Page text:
Democracy in action on Bowen Island

It’s encouraging to see so many of my friends and neighbours going door to door to let Bowen Island know about our candidates for the upcoming election. Some dear friends of mine are canvassing for our Liberal candidate; I am part of a very enthusiastic group of Bowen Islanders who are canvassing for Ken Melamed, our Green candidate, and I’ve met a few who are keen to support NDP. (I’m sure there are a few who will vote for the Conservative incumbent although I haven’t met them yet.) What the great majority of us have in common is a deep desire to be involved in ensuring things change in Ottawa. What is heartening to me is that so many people are talking about the election, and talking about what is important to them and about which candidate they feel will best be able to bring change to our ailing democratic processes in Canada. ABC (Anybody But Conservative) is one motto. But underneath the anti-Harper sentiment is a real yearning to see our Canada restored as a leader in peace keeping, in progressive social policies, and environmental protection. A healthy economy and viable plans for reduc-

ing dependence on fossil fuels are also on people’s minds. I realize we are just one riding out of 338. But we can be part of the change that is going to be sweeping across Canada this election. Please talk to your friends, in this riding and everywhere. Encourage them to vote. Especially talk to young people. I can’t remember an election where real change was as imminently possible as it is this time. As long as all of us vote we can be confident in our ABC strategy, and some of us will actually get the candidate that we truly feel will best represent us in Ottawa Please vote. Ken Melamed will be visiting Bowen on Sunday, September 20. We’re encouraging people who are thinking about voting Green but feeling very anxious or conflicted about it to come meet him Sunday afternoon between 4 and 6. Please email me or Cynthia ( or you can call 778999-2308 if you’re interested. We’d love to have you join us. Kathryn Thomson

The Undercurrent would like to welcome Catherine Bayly of Bowen Island Historians as our new official Keeper of the Birthdays. She’s taking on this role following Lois Meyers-

Carter’s retirement. If you have an upcoming birthday that you’d like shared with the Undercurrent’s readers, please email her at least a week in advance at

Welcome to our new Keeper of the Birthdays

Gymnastics classes start September 18 BICS gym For recreational and competitive gymnasts. Details at Out of the Attic Sept. 18 to Oct. 12 Opening reception: Sept. 18 from 7 to 9:30pm Gallery @ Artisan Square Long-forgotten attic masterpieces by various artists uncovered. Eat! Drink! Write! September 19 7:30pm Gallery @ Artisan Square Two-hour evening workshop taught by April Bosshard Register at www. Bowen Island Writer’s Group September 19 Noon - 2 pm Collins Hall, Open writer’s forum, all levels, all writing projects welcome. Tailgate Sales September 19 10am to noon BICS parking lot Weed Warriors September 19 10am to 1pm Meet by the bridge at the mouth of Davies Creek. Everyone welcome. Tools and gloves provided. Dress for the weather and bring your water supply. Propagating Native Plants at Linnaea Nurseries September 21 1pm Gallery at Artisan Square Bowen Island Garden Club presents John Folkerts Terry Fox Run September 20 Collins Hall 11am registration; 11:30 start 4K & 8K: bicycles oksy but no wheelchairs or rollerblades. Dogs on leash welcome. No entry fee. Donations appreciated. SKY: Seniors Keeping Young September 21 Bowen Court 9am Exercises with Ali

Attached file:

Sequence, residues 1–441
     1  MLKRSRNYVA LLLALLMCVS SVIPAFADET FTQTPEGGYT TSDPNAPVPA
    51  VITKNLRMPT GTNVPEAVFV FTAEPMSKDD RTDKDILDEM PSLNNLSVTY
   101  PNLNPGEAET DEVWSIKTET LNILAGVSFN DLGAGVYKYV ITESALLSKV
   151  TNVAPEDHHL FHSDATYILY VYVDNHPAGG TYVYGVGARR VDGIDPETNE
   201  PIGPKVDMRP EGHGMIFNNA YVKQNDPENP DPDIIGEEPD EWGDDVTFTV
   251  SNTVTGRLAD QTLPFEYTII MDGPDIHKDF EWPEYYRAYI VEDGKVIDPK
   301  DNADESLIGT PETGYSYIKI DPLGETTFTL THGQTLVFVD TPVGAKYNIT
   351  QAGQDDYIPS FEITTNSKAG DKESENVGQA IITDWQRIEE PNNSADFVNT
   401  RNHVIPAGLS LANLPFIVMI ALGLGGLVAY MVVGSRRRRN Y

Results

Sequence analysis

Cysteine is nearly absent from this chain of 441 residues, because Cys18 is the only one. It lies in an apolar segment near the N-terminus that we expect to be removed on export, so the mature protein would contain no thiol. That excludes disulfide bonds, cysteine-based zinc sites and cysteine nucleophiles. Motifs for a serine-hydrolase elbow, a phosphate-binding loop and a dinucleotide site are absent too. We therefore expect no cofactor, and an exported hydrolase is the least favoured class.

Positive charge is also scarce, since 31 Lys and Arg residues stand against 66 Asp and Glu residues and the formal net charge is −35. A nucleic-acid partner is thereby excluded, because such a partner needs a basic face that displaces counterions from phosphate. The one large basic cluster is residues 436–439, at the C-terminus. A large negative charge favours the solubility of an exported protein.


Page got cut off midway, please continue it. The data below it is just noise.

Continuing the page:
Eating for a Healthy Community September 22 6:30 to 7:15pm BICS Natasha Vaz, a holistic nutritionist, healthy chef and foodie, will talk about health and nutrition with tips for busy parents, fussy eaters, seniors and people of all ages. Free Bowen Island International Wine Festival September 24 6:30 to 9:30pm Lodge at Old Dorm Tickets: $50 in advance at Phoenix or Beer and Wine Cellar. 100% of proceeds go to Bowen Children’s Centre. Rotary Club September 24 Collins Hall, 7:30pm Guest speaker: James Glave on climate reality and solutions No charge, all are welcome Alicia Hansen album launch September 24 Pyatt Hall, Vancouver 8pm Bowen Island-based singer launches her experimental album, Companion with Ben Brown $8 in advance from or $10 at the door Bowen Grows Community Feast & Variety Show September 25 5-9pm BICS Contribute Bowen-grown fruits, greens and vegetables at BCS kitchen Sept. 23 and 24 from 6-8pm and Sept. 25 9am to 1pm Passionately Speaking: Pecha Kucha on Bowen Island September 26 Gallery @ Artisan Square 7:30pm Each presenter has 6.66 minutes to present 20 images for 20 seconds In advance... Carli Travers October 4 10:30am at the Little Red Church 2 to 4pm at Tunstall Bay club house The founder of community for orphaned and vulnerable children in Uganda will talk about her new book, And Then She Was Free Healing With Grace Christie Grace ~ With A Little Help From My Friends November 8 3 - 6 pm TBCA Clubhouse Benefit with music and silent auction Tickets at Phoenix: $50 suggested donation or donate what you can Have a birthday coming up? Email